The surprising science of the creepers, crawlers, wrigglers, and runners that call our homes, home
However domesticated our houses appear, they are wild beyond imagination. Look down in the basement, up in the attic, under the floorboards, and even in the showerhead, and you'll find life everywhere. Biologist Rob Dunn and his team have done it in homes worldwide, and they found nearly 200,000 species! In Never Home Alone, Dunn introduces us to these tiny tenants and shows us how in almost every case they make our lives better, and explains why trying to eradicate the bad ones just makes our lives worse. No one who reads this engrossing, revelatory, and just plain fun book will look at their home, or the life in it, in the same way again.
Rob Dunn is a professor in the Department of Applied Ecology at North Carolina State University and in the Natural History Museum of Denmark at the University of Copenhagen. He is also the author of five books. He lives in Raleigh, North Carolina.
Never Home Alone: From Microbes to Millipedes, Camel Crickets, and Honeybees, the Natural History of Where We Live 4.7 out of 5based on
More than 1 year ago
Never Home Alone explores the variety of life that shares our living spaces with us, from microbes and fungi, to insects and other arthropods; as well as the ways in which those lifeforms are evolving. This is a well written, popular science book that shows us that the ecosystems in our homes are more diverse than we may suspect, and that most of our co-inhabitants are beneficial or benign as opposed to harmful. The author’s enthusiasm for this subject is evident as he tells readers about various interesting studies about the creatures living with us.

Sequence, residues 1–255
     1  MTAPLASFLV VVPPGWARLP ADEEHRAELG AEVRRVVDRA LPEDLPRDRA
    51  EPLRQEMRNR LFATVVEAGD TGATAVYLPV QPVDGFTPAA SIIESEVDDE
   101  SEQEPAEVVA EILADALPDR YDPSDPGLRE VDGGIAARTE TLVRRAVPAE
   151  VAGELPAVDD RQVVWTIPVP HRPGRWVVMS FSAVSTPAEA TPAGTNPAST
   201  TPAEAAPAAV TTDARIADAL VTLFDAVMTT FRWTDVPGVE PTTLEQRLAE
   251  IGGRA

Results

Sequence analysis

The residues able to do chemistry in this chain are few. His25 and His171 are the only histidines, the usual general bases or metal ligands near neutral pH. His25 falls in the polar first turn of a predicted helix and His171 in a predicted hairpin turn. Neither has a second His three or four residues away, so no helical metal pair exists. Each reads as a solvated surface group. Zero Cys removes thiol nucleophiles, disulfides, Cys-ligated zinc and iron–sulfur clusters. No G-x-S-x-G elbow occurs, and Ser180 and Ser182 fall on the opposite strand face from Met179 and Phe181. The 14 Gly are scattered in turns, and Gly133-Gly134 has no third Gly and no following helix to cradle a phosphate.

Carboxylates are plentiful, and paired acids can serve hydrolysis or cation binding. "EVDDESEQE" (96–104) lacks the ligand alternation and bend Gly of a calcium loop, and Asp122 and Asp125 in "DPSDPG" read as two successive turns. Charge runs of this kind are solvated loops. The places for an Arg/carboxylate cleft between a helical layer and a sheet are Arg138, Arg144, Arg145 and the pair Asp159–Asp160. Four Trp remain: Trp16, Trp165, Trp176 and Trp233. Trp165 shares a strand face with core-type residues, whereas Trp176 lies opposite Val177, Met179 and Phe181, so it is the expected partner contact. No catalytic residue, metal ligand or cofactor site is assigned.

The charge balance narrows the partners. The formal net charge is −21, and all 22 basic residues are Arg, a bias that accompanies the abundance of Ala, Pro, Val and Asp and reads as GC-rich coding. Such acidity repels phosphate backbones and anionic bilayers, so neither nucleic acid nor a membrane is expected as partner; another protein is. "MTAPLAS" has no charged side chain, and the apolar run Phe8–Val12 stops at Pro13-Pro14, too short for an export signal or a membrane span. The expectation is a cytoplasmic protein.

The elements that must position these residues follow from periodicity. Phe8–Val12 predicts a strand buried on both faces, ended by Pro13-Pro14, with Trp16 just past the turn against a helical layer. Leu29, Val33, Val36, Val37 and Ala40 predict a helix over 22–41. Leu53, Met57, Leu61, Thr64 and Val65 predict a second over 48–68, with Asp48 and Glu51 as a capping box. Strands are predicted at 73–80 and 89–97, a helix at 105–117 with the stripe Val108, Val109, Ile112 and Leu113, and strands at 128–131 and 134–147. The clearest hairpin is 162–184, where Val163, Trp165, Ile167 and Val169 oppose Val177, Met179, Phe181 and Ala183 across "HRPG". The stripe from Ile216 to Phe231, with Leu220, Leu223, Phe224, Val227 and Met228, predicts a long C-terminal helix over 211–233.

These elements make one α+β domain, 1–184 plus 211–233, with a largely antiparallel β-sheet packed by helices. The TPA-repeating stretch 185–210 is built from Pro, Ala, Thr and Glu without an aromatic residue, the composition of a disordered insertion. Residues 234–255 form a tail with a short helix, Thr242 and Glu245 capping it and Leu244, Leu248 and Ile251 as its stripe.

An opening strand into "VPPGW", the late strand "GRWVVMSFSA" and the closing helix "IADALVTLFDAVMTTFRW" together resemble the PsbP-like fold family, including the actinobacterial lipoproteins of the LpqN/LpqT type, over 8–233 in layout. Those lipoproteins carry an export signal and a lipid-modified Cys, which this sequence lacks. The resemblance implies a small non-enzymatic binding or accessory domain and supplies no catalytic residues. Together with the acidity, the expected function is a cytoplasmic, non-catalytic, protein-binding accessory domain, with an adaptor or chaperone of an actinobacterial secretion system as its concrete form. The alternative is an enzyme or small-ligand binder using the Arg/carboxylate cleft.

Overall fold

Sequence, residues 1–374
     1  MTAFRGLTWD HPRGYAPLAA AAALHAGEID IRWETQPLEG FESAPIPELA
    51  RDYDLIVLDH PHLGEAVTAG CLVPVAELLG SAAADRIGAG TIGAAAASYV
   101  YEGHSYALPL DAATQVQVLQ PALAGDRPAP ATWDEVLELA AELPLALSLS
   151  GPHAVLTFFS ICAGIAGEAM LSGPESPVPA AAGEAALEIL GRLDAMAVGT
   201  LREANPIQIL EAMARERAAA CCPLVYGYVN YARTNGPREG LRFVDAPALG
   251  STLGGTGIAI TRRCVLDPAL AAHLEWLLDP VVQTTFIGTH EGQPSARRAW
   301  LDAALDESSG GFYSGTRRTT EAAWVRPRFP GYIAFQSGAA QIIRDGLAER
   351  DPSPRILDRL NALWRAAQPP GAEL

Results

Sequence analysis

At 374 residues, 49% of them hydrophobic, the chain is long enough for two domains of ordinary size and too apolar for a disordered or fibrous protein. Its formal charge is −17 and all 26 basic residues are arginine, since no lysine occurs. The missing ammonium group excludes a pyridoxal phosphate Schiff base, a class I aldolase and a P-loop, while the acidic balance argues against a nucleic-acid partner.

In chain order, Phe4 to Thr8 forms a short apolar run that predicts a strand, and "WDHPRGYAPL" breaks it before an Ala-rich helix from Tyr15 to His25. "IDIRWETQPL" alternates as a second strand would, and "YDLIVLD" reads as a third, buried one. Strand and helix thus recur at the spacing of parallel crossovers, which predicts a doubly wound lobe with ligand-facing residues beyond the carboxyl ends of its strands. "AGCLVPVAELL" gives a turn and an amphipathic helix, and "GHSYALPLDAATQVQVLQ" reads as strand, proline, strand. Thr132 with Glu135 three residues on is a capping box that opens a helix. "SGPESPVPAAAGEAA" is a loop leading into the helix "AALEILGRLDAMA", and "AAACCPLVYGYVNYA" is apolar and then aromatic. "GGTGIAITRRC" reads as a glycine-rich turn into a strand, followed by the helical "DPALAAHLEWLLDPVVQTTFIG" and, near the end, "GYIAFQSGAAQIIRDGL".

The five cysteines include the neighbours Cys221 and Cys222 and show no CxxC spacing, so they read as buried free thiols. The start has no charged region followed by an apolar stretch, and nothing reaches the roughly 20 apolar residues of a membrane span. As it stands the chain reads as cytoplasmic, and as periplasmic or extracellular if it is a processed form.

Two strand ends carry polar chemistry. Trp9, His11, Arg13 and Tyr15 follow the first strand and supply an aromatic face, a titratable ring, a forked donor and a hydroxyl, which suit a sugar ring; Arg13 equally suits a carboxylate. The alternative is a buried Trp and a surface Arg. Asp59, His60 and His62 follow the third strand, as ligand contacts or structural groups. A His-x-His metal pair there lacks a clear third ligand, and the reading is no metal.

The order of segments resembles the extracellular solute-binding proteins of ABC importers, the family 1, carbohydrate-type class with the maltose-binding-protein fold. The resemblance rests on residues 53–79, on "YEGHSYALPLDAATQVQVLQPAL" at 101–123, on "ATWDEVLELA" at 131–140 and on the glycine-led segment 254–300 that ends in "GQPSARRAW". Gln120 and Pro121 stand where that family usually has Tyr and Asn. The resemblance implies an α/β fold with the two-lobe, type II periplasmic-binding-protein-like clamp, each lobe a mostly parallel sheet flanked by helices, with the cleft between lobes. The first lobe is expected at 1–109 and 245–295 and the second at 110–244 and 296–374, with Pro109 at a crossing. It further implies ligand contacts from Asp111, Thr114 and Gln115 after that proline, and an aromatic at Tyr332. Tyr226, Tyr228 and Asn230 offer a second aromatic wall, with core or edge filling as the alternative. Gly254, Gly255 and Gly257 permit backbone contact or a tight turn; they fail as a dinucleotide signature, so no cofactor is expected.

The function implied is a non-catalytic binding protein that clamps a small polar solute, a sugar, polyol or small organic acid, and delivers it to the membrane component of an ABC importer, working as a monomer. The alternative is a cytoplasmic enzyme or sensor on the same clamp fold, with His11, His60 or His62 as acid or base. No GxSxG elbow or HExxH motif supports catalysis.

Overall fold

The author discusses such things as swabbing the International Space station (ISS) for bacteria and fungi; chronic autoimmune diseases associated with lack of microbes; microbes living in water heaters, showerheads, tap water, dry-walling; technophilic fungi that eat metal and plastics; the “uses” that our co-inhabitants may provide in terms of health and industrial applications; the evolution of pesticide resistance and the use of social spiders as non-toxic fly catchers; pets and the additional creatures they bring indoors; fermented food and bread making (Herman the yeast starter makes an appearance here); and the inoculation of beneficial microbes to prevent colonization by harmful microbes.
I found the sections that deal with microbes and fungi on the Space Stations (ISS and Mir) to be especially interesting. Dunn points out that these fungi are more successful in establishing themselves in space in terms of procreation and living out many generations, that humans have been.
I really would have loved more scientific details, but that’s just my preference. I found this book to be interesting and informative, with a chatty and informal writing style. Human houses provide living spaces and ecosystems for a myriad of organisms. After reading this book, you will never look at your home in the same way again.
8 months ago
The obsession that some people have about being hyper clean is obviously against us. And living isolated from nature is definitely not good for us. This book is an eye opener about the microscopic and invisible life that surround us constantly. Clean does not mean sterile.
More than 1 year ago
This is a wonderful, very well-written look at the thousands of creatures we share our houses and lives with. Contrary to expectation, it is not at all creepy; instead, the author argues that exposure to this diversity actually keeps us healthy, and that serious problems arise when we try to sterilize our living spaces. This is one of those books that has something interesting on every page. The author also writes very good notes.
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